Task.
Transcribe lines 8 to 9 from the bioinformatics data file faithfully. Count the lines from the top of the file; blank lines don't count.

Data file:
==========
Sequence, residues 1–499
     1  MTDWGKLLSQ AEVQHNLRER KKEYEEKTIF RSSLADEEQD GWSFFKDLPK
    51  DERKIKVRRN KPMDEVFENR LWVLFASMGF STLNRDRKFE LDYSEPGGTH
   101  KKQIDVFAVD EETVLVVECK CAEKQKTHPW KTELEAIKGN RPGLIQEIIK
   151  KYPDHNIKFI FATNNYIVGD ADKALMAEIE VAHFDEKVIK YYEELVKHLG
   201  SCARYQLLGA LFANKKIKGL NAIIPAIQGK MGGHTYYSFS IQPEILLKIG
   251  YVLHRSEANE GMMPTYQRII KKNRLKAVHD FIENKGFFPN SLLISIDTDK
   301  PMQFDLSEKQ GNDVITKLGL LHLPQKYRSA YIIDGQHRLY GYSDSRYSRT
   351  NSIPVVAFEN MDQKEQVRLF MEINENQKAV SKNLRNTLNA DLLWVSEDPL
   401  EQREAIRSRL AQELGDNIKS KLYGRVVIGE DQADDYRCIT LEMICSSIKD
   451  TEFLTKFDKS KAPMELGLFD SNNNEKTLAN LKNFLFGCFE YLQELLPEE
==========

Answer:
   301  PMQFDLSEKQ GNDVITKLGL LHLPQKYRSA YIIDGQHRLY GYSDSRYSRT
   351  NSIPVVAFEN MDQKEQVRLF MEINENQKAV SKNLRNTLNA DLLWVSEDPL